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  • Aleutian Tern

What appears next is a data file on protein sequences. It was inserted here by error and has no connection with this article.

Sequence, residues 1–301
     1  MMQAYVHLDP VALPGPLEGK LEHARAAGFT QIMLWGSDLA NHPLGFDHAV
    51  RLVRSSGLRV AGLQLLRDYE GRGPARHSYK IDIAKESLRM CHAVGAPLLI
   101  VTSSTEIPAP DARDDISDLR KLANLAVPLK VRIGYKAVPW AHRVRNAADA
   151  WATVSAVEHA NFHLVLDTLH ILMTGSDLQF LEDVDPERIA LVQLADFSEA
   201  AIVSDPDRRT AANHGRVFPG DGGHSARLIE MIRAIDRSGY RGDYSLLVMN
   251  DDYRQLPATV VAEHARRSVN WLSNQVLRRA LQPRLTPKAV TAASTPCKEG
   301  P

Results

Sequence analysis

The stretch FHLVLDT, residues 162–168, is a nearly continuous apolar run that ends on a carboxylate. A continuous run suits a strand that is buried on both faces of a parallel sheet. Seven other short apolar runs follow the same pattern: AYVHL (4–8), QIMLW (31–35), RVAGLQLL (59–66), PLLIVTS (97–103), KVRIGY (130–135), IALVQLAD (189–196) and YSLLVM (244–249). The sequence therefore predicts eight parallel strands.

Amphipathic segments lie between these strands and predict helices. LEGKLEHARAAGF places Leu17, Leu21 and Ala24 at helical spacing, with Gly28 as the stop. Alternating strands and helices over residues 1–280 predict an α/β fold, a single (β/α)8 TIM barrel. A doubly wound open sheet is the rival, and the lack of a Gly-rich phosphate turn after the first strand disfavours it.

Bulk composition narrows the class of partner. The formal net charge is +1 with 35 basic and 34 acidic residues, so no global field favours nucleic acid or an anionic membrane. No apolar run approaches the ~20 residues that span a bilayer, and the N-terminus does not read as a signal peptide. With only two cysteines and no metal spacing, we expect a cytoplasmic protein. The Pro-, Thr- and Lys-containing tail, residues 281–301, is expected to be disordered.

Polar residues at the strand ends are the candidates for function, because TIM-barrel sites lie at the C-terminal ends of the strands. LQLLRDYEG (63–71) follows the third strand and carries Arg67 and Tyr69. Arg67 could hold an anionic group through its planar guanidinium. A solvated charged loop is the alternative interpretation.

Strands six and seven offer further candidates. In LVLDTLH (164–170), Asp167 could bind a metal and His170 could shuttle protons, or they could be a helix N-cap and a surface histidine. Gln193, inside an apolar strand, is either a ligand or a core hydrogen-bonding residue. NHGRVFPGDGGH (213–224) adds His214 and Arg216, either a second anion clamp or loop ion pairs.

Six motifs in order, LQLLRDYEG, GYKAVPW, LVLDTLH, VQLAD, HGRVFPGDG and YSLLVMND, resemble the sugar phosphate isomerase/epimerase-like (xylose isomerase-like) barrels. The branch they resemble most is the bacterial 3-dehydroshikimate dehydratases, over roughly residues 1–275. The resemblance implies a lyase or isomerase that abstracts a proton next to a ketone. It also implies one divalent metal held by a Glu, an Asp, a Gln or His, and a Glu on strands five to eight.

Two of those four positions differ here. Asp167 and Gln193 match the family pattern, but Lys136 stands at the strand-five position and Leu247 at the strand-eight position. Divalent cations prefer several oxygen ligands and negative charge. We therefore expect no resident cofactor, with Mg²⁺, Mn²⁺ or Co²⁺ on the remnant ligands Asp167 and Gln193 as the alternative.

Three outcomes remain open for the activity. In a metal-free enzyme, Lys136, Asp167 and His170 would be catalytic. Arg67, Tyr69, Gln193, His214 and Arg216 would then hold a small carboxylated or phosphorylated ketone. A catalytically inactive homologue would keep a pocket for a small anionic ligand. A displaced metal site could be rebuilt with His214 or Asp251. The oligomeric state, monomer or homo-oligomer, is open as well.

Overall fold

©️ Kenneth Lam Common name: Aleutian Tern Scientific name: Onychoprion aleutica Local names: 白腰燕鸥 (Simplified Chinese), 白腰燕鷗(traditional Chinese), Алеутская крачка(Russian), 알류샨제비갈매기(Korean) , コシジロアジサシ(Japanese),  Daralaut Aleutian (Indonesian), Camar Aleutian (Malayu). Conservation status: IUCN - Vulnerable Aleutian Tern (Onychoprion aleutica) is a representative of an East Asian-Australasian Flyway species. It is a medium-sized, coastal and colonial nesting seabird. The species was discovered in 1868 on Kodiak Island, Alaska, but studies are limited, mainly at breeding grounds. Its breeding ground  Aleutian Tern is often found associated with Common Tern or Arctic Tern. The population of the bird is declining and listed as Vulnerable on the IUCN Red List. Identification Size: 32-28cm; wingspan 75-80cm. Body: mid-grey back and has long wings, the underparts are a dark gray, while rump and forked tail are white Head: Breeding – adults have black cap and lore with a white forehead, chin, throat, and cheeks; Juvenile: brownish crown, and upper body Underwing: dark leading edges on secondaries are diagnostic for identication. Beak: Black Legs: Short and black Distribution range Breeding range: at colonies in coastal Siberia, including Sakhalin Island, the Kamchatka Peninsula, the Sea of Okhotsk, and in the Bering Sea at Olyutortskiy Bay and Karagin Island, while in Southwest Alaska, they were found in Kasegaluk Lagoon, on the Seward Peninsula, the Yukon-Kuskokwim River Delta, and along the Alaska Peninsula, as well as the Aleutian Islands, Kodiak Archipelago, Kenai Peninsula, Copper River delta, and along the Gulf of Alaska as far east as Dry Bay. Non-breeding range: in spring and autumn offshore across the East Asia region covering waters in Japan, Korea, China, including Hong Kong and Taiwan, and the Philippines, and in winter found in the tropical western Pacific region including Indonesia, Malaysia and Thailand. Recent vagrant records reached Australia. Habitat The Aleutian tern breeds on wetlands and solitary rocky islands along coasts, particularly at river mouths, along with sparsely vegetated shorelines, grassy meadows, and marshes. It is pelagic during the non-breeding season. Behavior Breeding season occurs from May-August with egg-laying mostly in June, usually nesting among Arctic Terns in Alaska or Common Terns in Russia. Aleutian terns primarily feed on small fish, but also eat insects, crustaceans and zooplankton. They forage by flying, hovering low over water, and then surface-dip or pounce to take the food from the water surface. Population estimate About 31,000 mature individuals. Main threats Habitat degradation Egg harvest and hunting Human disturbance Natural threats: Natural predators (e.g. American Mink, Fox, rats) and domestic dogs Conservation Work Aleutian Tern Conservation Plan and a Statewide Aleutian Tern Colony Census Protocol in Alaska As Aleutian Tern is a species of USFWS and ADF&G “Species of Conservation Concern/Species of Conservation Need”, in 2016, an Aleutian Tern Technical Committee (ATTC) was formally established. The ATTC has members include representatives from US’s federal and state agencies, scientists, and NGOs. ADF&G and collaborators. The recent population declines triggered an assessment of the status of the birds in 2017. Fun Fact Aleutian Tern usually nests among Arctic Terns, who are known to be defensive of their nests, so they can take advantage of this behavior, while Aleutian Terns do not attempt to defend their own nests. 11th Yakutat Tern Festival Little Tern “Year of the Terns” Flyway Story Series #16 – Prof. Daniel Roby, Seabird researcher and conservationist Chinese Crested Tern EAAFP Secretariat and Seabird Working Group launches “Year of the Terns” in 2022 Year of the Terns 2022 Conservation Research of breeding terns in Hong Kong Color flagging of Breeding Terns in Hong Kong (2018)